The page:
30     list:
31       display: [title, Author]
32       with: [Author]
33
34 The admin generator will then execute the following query to display the list, effectively executing a single query instead of 1+n queries:
35
36     [php]
37     $books = BookQuery::create()
38       ->joinWithAuthor()
39       ->paginate();
40
41 Of course, you can add as many `with` names as you want, to hydrate multiple objects:
42
43     [yaml]
44     list:
45       display: [title, Author, Publisher]
46       with:    [Author, Publisher]
47
48 **Tip**: Before adding relations to the `with` setting, check that you don't already have a filter on the foreign key column that already makes the query to list all the related objects. If it's the case, then Propel's Instance Pooling will make the `with` superfluous, as each call to a related object will not trigger an additional query anyway.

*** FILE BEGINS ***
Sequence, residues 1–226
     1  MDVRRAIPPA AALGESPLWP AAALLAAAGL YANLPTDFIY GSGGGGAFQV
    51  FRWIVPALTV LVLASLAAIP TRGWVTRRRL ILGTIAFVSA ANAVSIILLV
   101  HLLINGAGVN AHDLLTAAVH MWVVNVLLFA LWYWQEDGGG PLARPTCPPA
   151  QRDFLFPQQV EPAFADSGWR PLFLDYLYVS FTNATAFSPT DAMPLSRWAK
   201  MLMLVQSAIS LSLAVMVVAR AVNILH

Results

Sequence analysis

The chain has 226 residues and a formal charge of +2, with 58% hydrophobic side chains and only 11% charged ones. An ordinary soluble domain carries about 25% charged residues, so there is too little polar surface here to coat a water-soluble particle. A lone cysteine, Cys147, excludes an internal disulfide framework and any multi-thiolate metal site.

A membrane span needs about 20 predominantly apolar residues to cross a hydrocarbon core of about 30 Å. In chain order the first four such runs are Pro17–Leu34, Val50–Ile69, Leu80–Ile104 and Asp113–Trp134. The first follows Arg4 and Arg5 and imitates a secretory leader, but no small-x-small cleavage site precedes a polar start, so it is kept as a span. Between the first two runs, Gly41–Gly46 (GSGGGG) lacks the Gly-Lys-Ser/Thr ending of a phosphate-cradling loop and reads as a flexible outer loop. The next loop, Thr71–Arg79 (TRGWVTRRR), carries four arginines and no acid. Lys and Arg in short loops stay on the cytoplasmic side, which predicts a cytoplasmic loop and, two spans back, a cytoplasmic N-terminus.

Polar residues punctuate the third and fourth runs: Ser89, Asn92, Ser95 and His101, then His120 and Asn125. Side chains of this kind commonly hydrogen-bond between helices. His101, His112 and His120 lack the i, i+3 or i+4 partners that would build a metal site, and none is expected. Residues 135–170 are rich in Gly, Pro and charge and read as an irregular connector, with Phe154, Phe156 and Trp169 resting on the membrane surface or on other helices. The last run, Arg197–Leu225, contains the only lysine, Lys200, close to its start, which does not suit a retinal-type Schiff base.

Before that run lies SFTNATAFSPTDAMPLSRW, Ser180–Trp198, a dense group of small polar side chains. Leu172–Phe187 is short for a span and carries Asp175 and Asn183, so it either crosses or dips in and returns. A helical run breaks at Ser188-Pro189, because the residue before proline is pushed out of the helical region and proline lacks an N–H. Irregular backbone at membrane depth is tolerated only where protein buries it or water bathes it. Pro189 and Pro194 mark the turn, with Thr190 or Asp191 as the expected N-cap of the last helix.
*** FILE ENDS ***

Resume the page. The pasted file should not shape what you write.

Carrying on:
49
50 Additional Query Methods
51 ------------------------
52
53 You can execute additional query methods in the list by setting the `query_methods` parameter. For instance, in a list of `Books`, to limit the list of published books, setup your `list` view as follows:
54
55     [yaml]
56     list:
57       display:       [title]
58       query_methods: [filterByAlreadyPublished]
59
60 The admin generator will then execute the following query to display the list:
61
62     [php]
63     $books = BookQuery::create()
64       ->filterByAlreadyPublished()
65       ->paginate();
66
67 You must implement each `query_method` in the main object's query class. In this exemple, here is how you can implement `Bookquery::filterByAlreadyPublished()`:
68
69     [php]
70     class BookQuery extends BaseBookQuery
71     {
72       public function filterByAlreadyPublished()